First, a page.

Palestinian Islamic Jihad PIJ Palestinian Territories PIJ has been based in Damascus, Syria since 1989. PIJ was originally based in Egypt, later moved to the Gaza Strip and, following its exile from Gaza in the late 1980s, it was moved to Lebanon, then later to Damascus. Operates in the Palestinian territories, Israel, Lebanon and Syria. Receives essential support from Syria, which permits it sanctuary and from Iran, which provides significant funding (and, according to some sources, nearly the entirety of PIJ’s budget).
Popular Front for the Liberation of Palestine PFLP Palestinian Territories Lefist Palestinian nationalist group that formed after the Six Day War of 1967 and pioneered terrorist strategies in the early 1970s. Once a key player in Palestinian politics,the PFLP lost influence in the 1990s and was sidelined as Yasir Arafat established the Palestinian Authority. The PFLP, which pioneered such terror tactics as airline hijackings, formed in December 1967, after the Arab states’ overwhelming defeat in the Six Day War. In 1968, the PFLP joined the Palestine Liberation Organization (PLO), the main umbrella organization of the Palestinian national movement, which was then committed to a strategy of “armed struggle.” The PFLP became the second-largest PLO faction, after Arafat’s own al-Fatah. The PFLP sought to topple conservative Arab states, destroy Israel, and apply Marxist doctrine to the Palestinian struggle, which it saw as part of a broader proletarian revolution. The group received support from the Soviet Union and China.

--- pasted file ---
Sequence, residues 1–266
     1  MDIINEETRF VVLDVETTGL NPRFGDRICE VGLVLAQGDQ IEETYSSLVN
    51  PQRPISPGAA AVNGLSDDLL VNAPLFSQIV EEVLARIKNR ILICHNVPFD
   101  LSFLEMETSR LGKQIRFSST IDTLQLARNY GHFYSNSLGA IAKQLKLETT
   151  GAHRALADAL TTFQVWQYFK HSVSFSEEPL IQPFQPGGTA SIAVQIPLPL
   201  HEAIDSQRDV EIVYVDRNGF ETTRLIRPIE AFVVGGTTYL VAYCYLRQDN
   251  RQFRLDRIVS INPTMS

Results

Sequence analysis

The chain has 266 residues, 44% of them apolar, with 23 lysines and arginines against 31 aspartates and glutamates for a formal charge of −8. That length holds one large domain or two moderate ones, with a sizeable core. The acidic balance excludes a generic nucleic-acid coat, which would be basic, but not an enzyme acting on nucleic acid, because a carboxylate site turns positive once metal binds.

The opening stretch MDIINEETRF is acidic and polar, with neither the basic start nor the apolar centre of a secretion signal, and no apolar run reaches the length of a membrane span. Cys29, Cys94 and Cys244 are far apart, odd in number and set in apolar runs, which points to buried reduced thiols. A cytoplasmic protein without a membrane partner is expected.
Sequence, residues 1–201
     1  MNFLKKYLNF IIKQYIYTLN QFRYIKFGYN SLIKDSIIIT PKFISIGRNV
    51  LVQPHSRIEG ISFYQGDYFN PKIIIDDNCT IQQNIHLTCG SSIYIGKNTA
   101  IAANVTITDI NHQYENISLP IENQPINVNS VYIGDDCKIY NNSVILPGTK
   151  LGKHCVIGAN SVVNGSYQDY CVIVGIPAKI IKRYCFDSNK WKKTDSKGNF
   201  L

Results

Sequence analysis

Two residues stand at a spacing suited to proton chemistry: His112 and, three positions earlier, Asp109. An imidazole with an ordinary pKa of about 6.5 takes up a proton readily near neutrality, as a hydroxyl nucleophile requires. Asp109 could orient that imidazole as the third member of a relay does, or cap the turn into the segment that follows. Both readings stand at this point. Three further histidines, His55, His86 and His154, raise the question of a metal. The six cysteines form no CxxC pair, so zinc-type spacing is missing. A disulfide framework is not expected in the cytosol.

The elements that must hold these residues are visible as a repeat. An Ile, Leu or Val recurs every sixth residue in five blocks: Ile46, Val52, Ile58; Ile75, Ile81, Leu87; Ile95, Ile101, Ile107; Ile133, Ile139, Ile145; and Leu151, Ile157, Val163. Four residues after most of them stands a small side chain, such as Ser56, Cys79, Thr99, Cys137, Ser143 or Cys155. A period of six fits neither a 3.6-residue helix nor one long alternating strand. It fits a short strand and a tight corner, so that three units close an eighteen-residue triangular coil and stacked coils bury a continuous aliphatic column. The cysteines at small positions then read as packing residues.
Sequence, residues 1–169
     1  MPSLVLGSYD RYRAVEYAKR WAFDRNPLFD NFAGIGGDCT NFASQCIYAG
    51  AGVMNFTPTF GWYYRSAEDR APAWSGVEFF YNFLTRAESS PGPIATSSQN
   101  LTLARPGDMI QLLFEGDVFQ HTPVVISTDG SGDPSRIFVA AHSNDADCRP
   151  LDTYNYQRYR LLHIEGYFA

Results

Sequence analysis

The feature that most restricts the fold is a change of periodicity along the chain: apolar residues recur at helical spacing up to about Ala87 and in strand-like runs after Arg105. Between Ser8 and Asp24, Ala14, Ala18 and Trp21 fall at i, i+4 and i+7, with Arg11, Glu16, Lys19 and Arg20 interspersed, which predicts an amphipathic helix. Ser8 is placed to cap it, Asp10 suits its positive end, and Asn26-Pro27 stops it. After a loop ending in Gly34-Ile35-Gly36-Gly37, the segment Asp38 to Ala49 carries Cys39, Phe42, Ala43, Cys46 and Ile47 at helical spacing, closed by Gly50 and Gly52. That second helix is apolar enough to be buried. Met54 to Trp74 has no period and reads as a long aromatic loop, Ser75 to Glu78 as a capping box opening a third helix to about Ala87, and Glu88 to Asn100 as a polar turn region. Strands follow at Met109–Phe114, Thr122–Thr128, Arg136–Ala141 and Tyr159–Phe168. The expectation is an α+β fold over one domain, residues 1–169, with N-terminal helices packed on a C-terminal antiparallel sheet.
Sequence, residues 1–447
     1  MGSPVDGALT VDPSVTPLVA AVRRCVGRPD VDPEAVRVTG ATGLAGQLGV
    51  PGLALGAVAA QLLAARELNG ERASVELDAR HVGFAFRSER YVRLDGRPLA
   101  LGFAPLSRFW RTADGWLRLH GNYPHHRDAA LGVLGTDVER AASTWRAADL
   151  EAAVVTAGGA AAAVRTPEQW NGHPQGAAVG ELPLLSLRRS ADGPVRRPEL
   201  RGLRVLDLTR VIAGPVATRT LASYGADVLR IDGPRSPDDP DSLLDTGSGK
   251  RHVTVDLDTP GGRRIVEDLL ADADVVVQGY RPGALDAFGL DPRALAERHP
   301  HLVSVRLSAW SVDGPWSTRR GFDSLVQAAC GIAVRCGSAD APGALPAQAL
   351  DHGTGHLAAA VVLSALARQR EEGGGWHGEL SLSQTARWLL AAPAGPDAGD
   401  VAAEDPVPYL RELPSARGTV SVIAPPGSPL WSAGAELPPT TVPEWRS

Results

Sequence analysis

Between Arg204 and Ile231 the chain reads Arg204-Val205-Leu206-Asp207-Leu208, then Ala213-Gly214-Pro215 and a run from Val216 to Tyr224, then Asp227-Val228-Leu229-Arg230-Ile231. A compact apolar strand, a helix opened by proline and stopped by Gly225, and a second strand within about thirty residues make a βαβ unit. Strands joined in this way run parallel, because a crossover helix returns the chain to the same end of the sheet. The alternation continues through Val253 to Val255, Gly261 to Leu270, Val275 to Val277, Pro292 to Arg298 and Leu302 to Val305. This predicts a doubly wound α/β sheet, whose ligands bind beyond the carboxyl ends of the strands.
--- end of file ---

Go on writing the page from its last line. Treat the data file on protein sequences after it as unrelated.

Popular Front for the Liberation of Palestine – General Command PFLP-GC Palestinian Territories Split from the PFLP in 1968, claiming it wanted to focus more on fighting and less on politics. Violently opposed to Arafat’s PLO. Led by Ahmad Jabril, a former captain in the Syrian Army. Jabril’s son, Jihad, was killed by a car bomb in May 2002. Closely tied to both Syria and Iran. Carried out dozens of attacks in Europe and the Middle East during the 1970s and 1980s. Known for cross-border terrorist attacks into Israel using unusual means, such as hot air balloons and motorized hang gliders. Primary focus now on guerrilla operations in southern Lebanon and small-scale attacks in Israel, West Bank, and Gaza Strip.
Fuerzas armadas revolucionarias de Colombia FARC Revolutionary Armed Forces of Colombia Colombia As the biggest irregular guerrilla army in Colombia, the Revolutionary Armed Forces of Colombia (Fuerzas Armadas Revolucionarias de Colombia – FARC) operates in different regions of the country mainly in search for financial sources to fight their 40-year old war against the government and maintain their army. The Revolutionary Armed Forces of Colombia (Fuerzas Armadas Revolucionarias de Colombia – FARC) is the oldest and most important guerrilla group in Western Hemisphere. It has long financed its political and military battle against the Colombian government by kidnapping, extortion and participating on various levels in the drug trafficking business.